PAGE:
The head of the Australian Broadcasting Corporation (ABC) says the national broadcaster is looking to ramp up its presence in the Asia-Pacific seven years after it closed a dedicated service to the region.
The move comes as competition for influence in the immediate South Pacific region heats up between Beijing and democratic allies.
David Anderson, managing director of the ABC, said the broadcaster was looking into potential expansion into the region.
“We have an ongoing dialogue with the minister for the pacific with regard to what else we could be doing should they wish to fund us because I think there is the intergenerational trust between those nations and Australia,” he told The Age and Sydney Morning Herald.
“We’re always interested in expanding our presence should the government wish to do so. I think it would be an important initiative,” he added.
The ABC did not provide further details but hinted that they would begin expanding coverage next year amid ongoing discussions with the government on its next three-year funding arrangement.
The ABC previously ran a channel that broadcast across 46 countries in the Asia-Pacific region, The Australian Network but shuttered the initiative after budget cuts by the then-Abbott government.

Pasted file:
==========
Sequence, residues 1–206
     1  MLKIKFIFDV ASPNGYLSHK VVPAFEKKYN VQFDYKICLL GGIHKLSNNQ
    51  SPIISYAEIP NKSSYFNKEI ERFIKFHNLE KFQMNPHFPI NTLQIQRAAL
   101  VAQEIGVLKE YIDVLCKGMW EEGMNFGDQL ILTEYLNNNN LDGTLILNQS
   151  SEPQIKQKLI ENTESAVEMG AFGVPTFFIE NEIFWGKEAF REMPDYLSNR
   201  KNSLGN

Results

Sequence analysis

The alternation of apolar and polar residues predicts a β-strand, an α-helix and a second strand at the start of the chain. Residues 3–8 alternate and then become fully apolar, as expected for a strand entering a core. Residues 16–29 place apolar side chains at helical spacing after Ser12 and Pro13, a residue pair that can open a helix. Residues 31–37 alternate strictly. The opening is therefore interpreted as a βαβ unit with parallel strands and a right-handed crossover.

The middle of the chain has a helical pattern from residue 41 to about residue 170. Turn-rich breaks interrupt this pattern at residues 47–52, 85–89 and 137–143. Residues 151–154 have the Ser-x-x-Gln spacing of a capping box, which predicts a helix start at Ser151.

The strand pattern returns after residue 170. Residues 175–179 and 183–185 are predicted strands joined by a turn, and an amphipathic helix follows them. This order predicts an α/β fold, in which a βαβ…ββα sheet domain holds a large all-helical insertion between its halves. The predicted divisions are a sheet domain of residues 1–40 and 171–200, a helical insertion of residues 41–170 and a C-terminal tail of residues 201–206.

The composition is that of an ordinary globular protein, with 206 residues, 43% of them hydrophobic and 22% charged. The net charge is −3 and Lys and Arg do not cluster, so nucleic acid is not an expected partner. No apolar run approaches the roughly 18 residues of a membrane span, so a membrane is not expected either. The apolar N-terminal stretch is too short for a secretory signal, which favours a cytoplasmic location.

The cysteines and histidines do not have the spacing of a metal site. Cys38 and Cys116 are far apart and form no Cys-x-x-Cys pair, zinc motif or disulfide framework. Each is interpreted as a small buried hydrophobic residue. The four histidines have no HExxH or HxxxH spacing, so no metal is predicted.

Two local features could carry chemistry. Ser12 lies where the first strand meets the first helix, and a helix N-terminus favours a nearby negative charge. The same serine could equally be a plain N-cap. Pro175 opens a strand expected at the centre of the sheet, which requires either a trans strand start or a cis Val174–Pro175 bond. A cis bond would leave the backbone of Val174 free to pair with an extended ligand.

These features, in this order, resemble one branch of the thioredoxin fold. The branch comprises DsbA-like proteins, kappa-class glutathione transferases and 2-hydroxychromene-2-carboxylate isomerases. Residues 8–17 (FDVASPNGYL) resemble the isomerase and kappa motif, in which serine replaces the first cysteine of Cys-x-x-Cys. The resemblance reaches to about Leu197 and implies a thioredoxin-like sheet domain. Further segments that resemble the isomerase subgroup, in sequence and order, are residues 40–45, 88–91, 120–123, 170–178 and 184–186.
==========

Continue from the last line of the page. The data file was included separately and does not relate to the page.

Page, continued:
The public broadcaster’s latest move will come as the battle for influence continues ramping up in the Pacific region.
On Dec. 12, Australia, Japan, and the United States committed to building a high-speed, undersea cable to connect Kiribati, Nauru, and the Federated States of Micronesia. It is expected to benefit around 100,000 people across the three countries.
In late October, the Australian government and major telecommunications firm, Telstra, pulled the trigger on an AU$2.1 billion (US$1.6 billion) acquisition of mobile business Digicel, which is the main carrier for Papua New Guinea, Nauru, Samoa, Vanuatu, Tonga, and Fiji.
At the same time, many Pacific leaders have continued engaging in regular dialogue with Beijing, hoping to benefit from vaccine diplomacy and aid.
The issue of misuse of aid funds bubbled to the surface recently following unrest in the Solomon Islands that saw parts of the country’s Chinatown burned to the ground—likely causing the deaths of three people.
The unpopularity of Prime Minister Manasseh Sogavare, compounded by his 2019 decision to switch diplomatic ties from Taiwan to Beijing, are currently thought to have been the motivation for for the riots.